We all have impure hearts. We all have done shameful or deceitful things. The good news is not that God recognizes our goodness. The good news is that when we trust Jesus as our Savior it is His righteousness that God sees in us (Phil. 3:7-9). The only question God will ask us when we stand before Him is, "Do you know Jesus?" Only those whose names are written in the Lamb's Book of Life will enter heaven (Rev. 21:27).

7/16/2008 7:55:00 AM by Jim Baldwin | with 1 comments



Bible Studies for Life lesson for July 20: What's Up With Christ Coming Down?

July 1 2008 by Focal Passage: Rev. 19:6-9, 11-16, 19-21

Several years ago, at a Henry Blackaby conference, I heard Travis Cottrell sing a powerful praise song, "We Will Ride." The song ignited a passion in me for the return of Jesus. I hope it will help open up these verses about the return of Christ.

"He has fire in His eyes and a sword in His hand

And He's riding a white horse across this land

And He's calling out to you and me

'Will you ride with me?'"

After frightening images of beasts and dragons, of horsemen and prostitutes, finally we see Jesus, seated upon a white horse. All the multitude of heaven shout, "Hallelujah!" when He arrives. Although most of His contemporaries did not recognize Jesus when He walked on earth, there is no mistaking Him this time.

The first time He came riding on a donkey. Next time He will be riding on a white horse.

The first time He came on the dusty roads of Canaan. Next time He will be coming on the clouds of glory.

The first time He was followed by 12 men. Next time He will be followed by the armies of heaven.

The first time they spit on Him and mocked His name. Next time every knee shall bow and every tongue confess that Jesus Christ is Lord.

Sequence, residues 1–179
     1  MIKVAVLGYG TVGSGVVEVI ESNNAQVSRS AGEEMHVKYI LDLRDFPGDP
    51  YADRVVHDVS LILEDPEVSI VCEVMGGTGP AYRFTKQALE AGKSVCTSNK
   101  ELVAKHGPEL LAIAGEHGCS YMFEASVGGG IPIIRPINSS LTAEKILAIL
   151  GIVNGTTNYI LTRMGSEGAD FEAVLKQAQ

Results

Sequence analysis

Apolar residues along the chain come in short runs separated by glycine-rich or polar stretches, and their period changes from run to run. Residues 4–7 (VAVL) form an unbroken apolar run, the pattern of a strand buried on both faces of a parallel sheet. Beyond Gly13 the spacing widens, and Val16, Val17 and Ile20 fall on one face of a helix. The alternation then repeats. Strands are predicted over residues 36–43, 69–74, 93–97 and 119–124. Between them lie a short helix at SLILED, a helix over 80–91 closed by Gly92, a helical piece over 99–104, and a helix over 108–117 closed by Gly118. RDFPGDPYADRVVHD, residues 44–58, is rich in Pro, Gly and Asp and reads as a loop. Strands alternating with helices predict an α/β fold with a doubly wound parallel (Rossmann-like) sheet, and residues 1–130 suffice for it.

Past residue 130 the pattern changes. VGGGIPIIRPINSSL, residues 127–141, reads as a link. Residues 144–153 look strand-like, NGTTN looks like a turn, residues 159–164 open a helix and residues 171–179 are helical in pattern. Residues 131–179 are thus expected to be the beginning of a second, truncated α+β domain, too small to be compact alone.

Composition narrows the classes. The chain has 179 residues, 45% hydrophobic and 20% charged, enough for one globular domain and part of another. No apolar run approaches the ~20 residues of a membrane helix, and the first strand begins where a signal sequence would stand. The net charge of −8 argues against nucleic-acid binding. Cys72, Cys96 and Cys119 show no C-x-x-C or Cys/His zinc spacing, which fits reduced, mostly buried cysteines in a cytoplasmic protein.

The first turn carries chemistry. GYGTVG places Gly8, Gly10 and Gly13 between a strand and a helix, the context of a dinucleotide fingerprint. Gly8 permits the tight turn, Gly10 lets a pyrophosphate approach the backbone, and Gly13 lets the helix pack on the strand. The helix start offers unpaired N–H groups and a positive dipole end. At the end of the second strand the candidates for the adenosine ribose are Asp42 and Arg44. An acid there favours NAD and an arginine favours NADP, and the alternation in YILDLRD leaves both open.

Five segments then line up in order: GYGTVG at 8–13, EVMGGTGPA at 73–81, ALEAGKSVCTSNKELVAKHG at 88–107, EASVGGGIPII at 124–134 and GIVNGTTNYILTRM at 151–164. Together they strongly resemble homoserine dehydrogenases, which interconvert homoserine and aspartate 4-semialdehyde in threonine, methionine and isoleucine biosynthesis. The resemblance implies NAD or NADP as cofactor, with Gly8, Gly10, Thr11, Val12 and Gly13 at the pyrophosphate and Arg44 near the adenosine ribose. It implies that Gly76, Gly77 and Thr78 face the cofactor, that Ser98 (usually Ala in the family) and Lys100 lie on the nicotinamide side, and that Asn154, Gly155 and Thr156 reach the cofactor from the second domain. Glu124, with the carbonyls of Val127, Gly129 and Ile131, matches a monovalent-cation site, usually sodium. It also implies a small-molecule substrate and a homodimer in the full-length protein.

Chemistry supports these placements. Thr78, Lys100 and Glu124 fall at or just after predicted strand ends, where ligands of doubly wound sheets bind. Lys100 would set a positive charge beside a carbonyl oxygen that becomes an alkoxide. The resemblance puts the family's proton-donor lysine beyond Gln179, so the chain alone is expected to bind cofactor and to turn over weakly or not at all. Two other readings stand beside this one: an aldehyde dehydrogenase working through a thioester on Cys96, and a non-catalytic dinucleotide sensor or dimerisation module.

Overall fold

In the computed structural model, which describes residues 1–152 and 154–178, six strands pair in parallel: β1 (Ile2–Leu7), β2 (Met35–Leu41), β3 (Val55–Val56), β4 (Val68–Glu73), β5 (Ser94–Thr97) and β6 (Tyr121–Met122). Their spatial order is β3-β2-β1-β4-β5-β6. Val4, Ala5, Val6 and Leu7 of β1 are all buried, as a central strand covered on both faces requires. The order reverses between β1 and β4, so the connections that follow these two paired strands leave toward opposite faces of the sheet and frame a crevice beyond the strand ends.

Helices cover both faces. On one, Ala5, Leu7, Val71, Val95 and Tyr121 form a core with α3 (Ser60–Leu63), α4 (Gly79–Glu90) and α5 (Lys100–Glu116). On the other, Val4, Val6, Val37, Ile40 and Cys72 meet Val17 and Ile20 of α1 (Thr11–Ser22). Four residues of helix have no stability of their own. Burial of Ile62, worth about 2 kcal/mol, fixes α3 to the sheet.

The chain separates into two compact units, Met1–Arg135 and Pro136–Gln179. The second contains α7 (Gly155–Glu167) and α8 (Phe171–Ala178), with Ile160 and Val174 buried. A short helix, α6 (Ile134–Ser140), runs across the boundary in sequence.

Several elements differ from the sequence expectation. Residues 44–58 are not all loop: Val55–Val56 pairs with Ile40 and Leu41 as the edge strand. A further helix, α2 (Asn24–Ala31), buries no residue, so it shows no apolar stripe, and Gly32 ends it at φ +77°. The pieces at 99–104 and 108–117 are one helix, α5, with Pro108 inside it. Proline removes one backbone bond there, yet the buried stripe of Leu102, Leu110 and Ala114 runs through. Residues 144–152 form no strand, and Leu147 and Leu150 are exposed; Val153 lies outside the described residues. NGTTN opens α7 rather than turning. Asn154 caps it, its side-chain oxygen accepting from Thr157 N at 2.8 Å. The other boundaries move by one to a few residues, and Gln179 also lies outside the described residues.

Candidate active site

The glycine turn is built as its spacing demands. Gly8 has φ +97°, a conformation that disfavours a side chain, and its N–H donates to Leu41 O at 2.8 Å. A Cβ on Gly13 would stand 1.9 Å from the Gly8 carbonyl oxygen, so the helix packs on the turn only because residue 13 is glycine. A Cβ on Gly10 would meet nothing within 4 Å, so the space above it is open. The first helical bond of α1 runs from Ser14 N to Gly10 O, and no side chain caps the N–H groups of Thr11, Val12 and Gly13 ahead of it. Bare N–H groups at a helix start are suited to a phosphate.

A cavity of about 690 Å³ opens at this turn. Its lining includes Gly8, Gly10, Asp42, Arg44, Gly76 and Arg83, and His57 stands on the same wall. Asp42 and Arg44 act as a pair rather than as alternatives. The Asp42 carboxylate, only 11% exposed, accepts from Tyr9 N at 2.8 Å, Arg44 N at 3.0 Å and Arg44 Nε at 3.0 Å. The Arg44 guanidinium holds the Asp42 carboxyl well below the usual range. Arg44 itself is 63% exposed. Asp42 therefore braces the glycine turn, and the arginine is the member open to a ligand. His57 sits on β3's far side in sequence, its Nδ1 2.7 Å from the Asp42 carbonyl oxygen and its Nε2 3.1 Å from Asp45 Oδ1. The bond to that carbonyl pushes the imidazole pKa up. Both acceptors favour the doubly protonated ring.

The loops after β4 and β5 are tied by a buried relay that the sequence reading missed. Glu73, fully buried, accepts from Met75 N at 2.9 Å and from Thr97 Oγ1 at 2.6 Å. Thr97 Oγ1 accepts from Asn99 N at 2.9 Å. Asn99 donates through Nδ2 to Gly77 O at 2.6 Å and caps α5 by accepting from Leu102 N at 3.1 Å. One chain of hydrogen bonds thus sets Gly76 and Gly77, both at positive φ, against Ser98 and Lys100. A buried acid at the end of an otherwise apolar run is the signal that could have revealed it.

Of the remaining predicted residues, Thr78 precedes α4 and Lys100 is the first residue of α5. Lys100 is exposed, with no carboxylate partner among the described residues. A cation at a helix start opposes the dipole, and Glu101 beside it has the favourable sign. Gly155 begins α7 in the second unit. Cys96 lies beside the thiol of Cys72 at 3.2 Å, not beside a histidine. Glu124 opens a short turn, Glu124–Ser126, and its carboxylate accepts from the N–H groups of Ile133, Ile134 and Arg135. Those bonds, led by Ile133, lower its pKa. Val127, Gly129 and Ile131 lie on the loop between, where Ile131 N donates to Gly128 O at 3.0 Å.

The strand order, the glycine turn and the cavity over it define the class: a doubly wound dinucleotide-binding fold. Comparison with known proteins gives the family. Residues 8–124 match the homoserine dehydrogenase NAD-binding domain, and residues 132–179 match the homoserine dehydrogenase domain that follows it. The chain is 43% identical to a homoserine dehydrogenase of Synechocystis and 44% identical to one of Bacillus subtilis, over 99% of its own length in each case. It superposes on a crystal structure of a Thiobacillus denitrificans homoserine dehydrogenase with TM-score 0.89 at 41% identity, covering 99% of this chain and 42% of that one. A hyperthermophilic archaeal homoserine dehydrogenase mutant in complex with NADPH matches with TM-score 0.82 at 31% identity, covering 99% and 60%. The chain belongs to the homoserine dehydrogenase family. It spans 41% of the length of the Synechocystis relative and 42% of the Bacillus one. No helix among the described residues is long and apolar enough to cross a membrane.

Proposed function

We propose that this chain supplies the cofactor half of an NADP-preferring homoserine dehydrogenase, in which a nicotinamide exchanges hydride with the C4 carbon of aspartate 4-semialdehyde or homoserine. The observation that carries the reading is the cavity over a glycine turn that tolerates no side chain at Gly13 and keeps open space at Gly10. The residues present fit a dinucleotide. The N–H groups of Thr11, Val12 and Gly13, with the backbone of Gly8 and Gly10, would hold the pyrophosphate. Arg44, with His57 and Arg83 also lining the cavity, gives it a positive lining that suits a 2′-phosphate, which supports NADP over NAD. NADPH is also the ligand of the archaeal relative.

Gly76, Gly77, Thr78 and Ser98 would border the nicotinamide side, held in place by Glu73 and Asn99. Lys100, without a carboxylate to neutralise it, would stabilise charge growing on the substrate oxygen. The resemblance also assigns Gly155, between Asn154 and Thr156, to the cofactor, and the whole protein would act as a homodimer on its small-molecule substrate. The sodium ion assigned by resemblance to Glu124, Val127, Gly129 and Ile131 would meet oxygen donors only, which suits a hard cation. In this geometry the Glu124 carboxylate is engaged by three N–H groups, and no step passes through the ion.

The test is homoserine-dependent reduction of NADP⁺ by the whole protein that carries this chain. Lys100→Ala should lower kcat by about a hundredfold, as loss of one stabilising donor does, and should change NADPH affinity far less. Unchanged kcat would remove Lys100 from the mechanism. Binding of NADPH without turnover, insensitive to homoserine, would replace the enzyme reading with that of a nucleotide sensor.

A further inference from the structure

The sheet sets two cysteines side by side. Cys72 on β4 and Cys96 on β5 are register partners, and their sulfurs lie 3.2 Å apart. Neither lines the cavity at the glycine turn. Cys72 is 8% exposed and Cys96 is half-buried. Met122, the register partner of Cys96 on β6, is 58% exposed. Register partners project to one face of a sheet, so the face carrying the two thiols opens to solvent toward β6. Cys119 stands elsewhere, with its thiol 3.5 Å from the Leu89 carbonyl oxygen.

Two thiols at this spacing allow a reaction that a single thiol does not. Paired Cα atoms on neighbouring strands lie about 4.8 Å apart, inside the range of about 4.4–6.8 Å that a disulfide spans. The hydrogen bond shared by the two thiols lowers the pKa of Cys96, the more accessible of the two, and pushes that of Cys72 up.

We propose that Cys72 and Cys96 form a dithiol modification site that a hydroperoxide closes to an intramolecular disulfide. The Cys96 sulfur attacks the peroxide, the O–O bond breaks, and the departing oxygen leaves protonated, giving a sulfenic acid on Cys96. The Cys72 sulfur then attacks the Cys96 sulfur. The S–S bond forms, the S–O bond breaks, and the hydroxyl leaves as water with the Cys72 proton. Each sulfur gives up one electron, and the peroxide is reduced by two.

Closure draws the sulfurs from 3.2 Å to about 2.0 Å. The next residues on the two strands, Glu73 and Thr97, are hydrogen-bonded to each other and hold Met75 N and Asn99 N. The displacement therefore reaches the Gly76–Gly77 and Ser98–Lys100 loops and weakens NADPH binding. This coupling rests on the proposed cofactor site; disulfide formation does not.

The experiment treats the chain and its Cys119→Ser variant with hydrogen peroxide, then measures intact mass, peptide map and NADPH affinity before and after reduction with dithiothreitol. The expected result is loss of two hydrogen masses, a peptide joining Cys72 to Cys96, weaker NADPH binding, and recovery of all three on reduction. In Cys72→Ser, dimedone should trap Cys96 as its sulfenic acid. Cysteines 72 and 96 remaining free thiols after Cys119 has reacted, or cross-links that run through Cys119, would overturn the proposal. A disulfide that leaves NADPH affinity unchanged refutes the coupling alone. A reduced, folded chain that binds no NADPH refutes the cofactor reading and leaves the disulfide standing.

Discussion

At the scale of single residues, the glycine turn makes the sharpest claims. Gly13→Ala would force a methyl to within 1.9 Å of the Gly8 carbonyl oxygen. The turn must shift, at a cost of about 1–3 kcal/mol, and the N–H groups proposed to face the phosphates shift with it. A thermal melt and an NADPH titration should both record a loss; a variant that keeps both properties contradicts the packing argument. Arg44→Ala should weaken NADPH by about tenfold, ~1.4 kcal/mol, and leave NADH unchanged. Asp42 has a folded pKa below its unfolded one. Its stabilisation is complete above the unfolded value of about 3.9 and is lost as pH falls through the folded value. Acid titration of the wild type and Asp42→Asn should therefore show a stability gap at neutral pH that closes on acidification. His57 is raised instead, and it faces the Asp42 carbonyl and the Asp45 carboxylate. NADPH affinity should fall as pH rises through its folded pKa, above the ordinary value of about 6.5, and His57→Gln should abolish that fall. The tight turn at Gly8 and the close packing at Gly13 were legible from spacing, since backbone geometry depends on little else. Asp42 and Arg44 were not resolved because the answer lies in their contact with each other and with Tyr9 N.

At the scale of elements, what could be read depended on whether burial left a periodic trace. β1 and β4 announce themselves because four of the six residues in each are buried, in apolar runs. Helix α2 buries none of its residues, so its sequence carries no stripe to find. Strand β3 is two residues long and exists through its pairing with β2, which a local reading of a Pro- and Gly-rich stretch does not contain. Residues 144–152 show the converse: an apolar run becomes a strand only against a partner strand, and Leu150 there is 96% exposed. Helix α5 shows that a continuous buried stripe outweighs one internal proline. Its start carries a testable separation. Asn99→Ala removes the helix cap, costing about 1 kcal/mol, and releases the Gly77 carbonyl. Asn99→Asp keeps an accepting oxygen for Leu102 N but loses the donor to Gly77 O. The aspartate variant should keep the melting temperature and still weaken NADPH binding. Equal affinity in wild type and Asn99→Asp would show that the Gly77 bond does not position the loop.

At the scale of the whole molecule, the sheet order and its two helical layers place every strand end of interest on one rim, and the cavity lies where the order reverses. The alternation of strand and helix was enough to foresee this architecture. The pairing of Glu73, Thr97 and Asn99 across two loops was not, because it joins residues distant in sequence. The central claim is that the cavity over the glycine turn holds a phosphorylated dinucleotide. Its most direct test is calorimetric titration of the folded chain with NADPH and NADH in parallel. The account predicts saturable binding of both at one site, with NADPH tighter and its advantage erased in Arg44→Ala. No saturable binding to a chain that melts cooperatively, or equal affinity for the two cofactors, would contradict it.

The first time they brought Him before Herod who sentenced Him to die. Next time He will sit on the throne, and He will judge all the nations.

The first time they asked, "Who is this man?" Next time they will all know He is King of kings and Lord of lords. It will be written upon His robe and upon His thigh, and all the angels of heaven will proclaim it.

The last stanza to the song says:

"That fire in His eyes is His love for His bride

And He's longing that she be with Him

Right by His side

And He's calling out to us right now,

"Will you ride with me?"

Whenever I officiate a wedding, I enter the sanctuary with the groom and the best man. We stand at the front of the sanctuary awaiting the bride's entrance. As all heads turn to watch the bride coming down the aisle, I watch the groom. I want to see the love in his eyes and the joy of knowing his bride will soon be with him. I envision Jesus standing at the gates of heaven, having defeated all His enemies, ready to receive His bride.

7/1/2008 5:48:00 PM by Focal Passage: Rev. 19:6-9, 11-16, 19-21 | with 1 comments